This week I submitted my final two paperwork pieces for retirement. I'd already done one, way back in March, but after many months of consideration decided I'd rather roll over the payout into an already established account (but unavailable for five years) rather than pay a ton of income tax to have it just sitting (but available) in a different account. And this afternoon I finally made a decision about health benefits and submitted my enrollment online. I love being able to do that stuff online. So now all official stuff is done, finally. I hated having those two things hanging--it's good to have those done.
Slowly but surely, retirement is growing on me. For pretty much all of August it's been hard-- Did I do the right thing? Will I ever see those people again? Will they miss me at all? What will I do all day? And slowly the answers have made themselves known--yes, it was the right thing, no, I won't see most of those people much at all, and yes, I'll be missed. Recently I went to my school to drop off order forms for baseball tickets, and stopped in over half the classrooms just to say hi. When I walked in to each room, the reaction was almost all the same. The kids gasped, then started clapping. How can that not feel good? I didn't go in the library, though. I just don't want to see how it might look different. Several people have told me "She's so laid back!". I take this to mean "You were so not laid-back!" I don't really care though. Not a lot, anyway. Well, maybe a little.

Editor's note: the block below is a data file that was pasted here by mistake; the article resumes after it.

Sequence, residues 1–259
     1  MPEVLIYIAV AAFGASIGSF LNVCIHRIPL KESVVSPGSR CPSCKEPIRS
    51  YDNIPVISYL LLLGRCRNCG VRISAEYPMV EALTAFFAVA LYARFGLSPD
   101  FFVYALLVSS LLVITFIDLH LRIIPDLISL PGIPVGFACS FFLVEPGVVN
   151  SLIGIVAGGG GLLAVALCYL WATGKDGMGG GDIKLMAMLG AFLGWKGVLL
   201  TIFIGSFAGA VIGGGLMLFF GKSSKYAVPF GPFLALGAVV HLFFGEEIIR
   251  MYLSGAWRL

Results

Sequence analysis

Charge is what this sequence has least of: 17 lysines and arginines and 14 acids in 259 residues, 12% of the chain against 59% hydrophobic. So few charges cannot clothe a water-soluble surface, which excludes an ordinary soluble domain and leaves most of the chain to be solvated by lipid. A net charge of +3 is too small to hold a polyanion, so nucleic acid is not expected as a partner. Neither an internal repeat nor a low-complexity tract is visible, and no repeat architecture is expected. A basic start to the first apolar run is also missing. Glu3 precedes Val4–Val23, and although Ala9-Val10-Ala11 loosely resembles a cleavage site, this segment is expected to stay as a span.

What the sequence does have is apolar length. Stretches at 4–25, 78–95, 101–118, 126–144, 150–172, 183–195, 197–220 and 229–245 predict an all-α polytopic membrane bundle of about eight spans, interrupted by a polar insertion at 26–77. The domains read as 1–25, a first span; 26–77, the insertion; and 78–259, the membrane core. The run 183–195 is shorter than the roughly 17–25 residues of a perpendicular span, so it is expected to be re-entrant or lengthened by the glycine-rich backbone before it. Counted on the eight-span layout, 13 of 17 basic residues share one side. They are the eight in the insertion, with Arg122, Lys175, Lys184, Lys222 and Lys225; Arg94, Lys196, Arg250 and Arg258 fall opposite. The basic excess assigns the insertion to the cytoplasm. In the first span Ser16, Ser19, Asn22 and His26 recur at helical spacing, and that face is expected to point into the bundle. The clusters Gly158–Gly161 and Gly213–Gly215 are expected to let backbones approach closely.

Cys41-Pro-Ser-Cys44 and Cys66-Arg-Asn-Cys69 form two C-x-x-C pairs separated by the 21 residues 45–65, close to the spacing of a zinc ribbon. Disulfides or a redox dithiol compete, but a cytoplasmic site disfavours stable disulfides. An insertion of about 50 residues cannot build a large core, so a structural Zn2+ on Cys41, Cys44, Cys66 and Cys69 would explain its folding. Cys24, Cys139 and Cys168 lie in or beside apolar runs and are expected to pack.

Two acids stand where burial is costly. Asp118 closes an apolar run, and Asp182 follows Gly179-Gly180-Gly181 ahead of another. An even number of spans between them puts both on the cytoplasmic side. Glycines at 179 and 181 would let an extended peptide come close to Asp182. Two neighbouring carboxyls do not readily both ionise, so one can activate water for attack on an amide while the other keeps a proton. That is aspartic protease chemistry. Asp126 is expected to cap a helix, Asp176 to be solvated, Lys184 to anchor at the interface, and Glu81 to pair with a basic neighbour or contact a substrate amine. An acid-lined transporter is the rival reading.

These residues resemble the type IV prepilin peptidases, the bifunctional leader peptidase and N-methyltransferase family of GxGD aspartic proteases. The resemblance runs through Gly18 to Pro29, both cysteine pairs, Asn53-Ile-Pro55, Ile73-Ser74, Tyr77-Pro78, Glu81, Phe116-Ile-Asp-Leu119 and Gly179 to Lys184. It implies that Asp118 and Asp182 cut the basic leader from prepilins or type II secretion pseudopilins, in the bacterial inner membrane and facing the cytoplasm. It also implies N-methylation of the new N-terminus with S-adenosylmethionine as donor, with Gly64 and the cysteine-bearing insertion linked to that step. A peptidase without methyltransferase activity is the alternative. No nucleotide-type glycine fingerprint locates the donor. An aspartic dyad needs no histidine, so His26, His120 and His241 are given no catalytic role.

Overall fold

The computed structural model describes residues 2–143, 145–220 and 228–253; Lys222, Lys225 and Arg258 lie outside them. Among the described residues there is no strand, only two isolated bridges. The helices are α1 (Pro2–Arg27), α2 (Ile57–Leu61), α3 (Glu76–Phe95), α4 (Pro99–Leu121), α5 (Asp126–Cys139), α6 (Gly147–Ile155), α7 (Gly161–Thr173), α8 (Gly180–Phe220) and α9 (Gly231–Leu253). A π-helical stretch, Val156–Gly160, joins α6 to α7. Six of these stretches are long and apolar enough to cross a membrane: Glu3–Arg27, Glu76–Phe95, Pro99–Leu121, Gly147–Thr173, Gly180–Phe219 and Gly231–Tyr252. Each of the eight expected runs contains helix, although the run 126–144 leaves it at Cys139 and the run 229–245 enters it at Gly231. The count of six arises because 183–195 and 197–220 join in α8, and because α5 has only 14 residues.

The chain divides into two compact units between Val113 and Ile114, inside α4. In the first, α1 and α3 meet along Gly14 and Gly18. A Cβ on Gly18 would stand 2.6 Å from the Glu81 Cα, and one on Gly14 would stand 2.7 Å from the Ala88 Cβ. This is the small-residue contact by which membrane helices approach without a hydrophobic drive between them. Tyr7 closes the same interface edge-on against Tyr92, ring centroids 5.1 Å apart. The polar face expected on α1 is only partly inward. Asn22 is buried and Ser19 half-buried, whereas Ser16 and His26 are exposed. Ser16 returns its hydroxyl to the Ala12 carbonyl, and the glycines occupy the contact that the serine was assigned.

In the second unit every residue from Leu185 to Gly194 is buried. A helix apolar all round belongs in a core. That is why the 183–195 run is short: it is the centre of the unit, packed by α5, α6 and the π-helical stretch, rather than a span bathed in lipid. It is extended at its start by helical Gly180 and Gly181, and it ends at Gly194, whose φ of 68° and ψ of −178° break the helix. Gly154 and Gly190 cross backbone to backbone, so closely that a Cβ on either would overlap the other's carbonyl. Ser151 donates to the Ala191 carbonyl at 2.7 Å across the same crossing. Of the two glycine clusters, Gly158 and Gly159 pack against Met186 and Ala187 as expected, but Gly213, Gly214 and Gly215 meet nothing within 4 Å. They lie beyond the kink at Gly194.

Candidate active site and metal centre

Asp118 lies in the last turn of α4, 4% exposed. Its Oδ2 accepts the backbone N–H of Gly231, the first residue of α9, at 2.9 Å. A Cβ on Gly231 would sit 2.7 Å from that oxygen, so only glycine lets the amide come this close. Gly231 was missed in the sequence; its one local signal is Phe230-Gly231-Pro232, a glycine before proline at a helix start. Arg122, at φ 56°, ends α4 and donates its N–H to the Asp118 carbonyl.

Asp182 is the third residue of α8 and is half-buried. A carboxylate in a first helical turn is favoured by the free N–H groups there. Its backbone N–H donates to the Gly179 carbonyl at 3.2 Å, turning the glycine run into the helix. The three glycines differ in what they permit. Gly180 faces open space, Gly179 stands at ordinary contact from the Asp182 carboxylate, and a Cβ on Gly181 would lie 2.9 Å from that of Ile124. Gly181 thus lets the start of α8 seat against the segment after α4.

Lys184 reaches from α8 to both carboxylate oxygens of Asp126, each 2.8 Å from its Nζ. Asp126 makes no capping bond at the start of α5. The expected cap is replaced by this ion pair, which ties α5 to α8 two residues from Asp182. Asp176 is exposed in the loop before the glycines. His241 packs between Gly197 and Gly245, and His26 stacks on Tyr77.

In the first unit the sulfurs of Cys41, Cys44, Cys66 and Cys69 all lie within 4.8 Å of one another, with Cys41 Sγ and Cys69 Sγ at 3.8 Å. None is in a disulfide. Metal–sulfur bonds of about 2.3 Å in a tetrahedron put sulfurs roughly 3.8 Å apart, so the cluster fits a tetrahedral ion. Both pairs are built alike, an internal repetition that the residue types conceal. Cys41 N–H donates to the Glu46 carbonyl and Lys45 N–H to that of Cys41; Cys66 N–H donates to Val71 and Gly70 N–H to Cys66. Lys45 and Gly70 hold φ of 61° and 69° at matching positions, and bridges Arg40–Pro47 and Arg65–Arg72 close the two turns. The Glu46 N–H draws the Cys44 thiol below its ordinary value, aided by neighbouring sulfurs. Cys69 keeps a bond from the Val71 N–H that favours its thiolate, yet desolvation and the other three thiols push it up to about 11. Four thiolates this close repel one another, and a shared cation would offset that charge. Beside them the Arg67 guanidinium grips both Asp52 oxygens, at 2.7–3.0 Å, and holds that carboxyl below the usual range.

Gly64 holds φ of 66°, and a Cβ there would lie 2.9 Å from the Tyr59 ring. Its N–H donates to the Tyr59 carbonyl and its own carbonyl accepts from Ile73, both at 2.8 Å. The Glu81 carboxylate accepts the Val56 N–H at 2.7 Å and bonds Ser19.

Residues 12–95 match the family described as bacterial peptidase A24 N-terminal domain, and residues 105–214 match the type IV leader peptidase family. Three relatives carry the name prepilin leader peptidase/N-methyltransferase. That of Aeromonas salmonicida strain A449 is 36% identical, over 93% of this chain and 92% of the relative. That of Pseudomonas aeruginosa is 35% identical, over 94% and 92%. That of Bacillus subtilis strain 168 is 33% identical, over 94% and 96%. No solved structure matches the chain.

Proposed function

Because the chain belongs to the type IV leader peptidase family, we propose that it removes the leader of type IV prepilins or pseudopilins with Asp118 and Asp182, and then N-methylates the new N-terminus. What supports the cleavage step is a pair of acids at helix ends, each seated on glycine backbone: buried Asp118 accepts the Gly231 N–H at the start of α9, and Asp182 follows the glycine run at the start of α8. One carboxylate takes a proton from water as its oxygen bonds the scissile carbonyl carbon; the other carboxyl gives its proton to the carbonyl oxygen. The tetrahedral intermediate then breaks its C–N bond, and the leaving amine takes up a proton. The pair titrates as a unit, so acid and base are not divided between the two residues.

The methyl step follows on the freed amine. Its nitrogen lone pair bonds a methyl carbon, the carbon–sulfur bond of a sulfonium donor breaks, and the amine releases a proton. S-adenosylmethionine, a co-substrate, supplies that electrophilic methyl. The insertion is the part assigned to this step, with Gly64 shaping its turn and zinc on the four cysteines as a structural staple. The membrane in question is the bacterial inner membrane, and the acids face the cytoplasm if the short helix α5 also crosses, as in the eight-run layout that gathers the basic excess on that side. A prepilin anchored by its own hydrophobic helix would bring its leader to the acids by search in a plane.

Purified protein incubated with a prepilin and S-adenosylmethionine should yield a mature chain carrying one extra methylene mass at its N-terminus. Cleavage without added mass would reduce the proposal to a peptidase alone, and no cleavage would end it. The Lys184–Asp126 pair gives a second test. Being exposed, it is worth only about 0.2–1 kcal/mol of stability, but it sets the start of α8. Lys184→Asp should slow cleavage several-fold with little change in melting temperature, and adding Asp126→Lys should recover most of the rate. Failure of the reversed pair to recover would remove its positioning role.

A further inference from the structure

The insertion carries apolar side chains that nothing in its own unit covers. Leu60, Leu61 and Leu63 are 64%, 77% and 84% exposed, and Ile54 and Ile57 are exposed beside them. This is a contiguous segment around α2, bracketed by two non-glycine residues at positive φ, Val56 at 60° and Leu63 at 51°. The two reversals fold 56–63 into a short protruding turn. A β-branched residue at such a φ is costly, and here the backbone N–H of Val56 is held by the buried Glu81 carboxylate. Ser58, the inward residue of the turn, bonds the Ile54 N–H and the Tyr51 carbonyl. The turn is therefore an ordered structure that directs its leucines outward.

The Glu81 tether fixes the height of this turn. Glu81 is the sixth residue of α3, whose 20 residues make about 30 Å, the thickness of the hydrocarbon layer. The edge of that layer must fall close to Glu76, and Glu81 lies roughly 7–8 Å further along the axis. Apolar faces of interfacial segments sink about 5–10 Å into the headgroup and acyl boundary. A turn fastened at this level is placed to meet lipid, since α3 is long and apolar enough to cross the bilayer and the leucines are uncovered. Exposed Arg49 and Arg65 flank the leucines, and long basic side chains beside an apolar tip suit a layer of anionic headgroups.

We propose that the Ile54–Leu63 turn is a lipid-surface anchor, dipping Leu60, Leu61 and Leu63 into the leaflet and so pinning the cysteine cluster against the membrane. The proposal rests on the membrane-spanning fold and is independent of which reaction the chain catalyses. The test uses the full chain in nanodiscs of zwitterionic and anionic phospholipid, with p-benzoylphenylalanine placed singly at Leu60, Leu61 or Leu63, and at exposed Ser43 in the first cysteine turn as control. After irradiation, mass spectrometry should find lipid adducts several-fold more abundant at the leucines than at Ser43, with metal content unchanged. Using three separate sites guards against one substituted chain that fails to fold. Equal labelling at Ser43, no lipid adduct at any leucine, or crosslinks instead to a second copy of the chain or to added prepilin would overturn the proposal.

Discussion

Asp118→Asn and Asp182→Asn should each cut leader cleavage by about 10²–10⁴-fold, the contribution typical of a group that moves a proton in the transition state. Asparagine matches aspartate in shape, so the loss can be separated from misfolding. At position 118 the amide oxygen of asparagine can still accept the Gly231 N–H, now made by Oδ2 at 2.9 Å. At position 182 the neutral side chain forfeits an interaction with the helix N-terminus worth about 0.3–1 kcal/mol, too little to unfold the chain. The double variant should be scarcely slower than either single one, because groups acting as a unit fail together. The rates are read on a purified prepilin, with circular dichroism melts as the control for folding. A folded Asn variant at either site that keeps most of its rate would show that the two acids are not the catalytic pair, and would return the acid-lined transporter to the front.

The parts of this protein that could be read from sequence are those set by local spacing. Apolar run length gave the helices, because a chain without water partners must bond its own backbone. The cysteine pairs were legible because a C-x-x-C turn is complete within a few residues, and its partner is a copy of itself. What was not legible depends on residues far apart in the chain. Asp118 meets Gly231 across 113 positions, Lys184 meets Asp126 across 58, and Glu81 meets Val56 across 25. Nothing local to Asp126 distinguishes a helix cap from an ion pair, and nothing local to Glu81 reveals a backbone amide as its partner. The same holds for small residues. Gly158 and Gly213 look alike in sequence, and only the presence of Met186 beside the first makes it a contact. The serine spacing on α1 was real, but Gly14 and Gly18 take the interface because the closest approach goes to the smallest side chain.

What do I like about being retired? The same things I like about being on Christmas or spring or summer break-- being able to stay up late, do errands during the day, or make no plans if I don't feel like it. Some days seem like a waste--I don't really do much except putz around the house or dink on the computer. I have to keep telling myself that's okay. I'm still trying to find my niche, and technically I have only REALLY been retired a few weeks. I really don't consider all the summer break to be retirement. Everyone who isn't a teacher (B, especially) really has a hard (impossible) time comprehending why this process has been challenging. "You don't have to work anymore and you're making pretty much the same amount of money. What's challenging?". It's just too hard to explain.
A couple of funny (interesting) things have happened recently. On two separate occasions a person in a neighboring building has caught me outside and said "Are you not working anymore?" They noticed my car at home during the day. I had no idea people watched that kind of thing. I don't really know my neighbors very well, so I was a little surprised. Then yesterday I stopped at McDonnie's to get some iced tea, and the cashier at the drive through said, "I don't see you come through in the mornings anymore". Yikes--did I really eat that stuff for breakfast that much?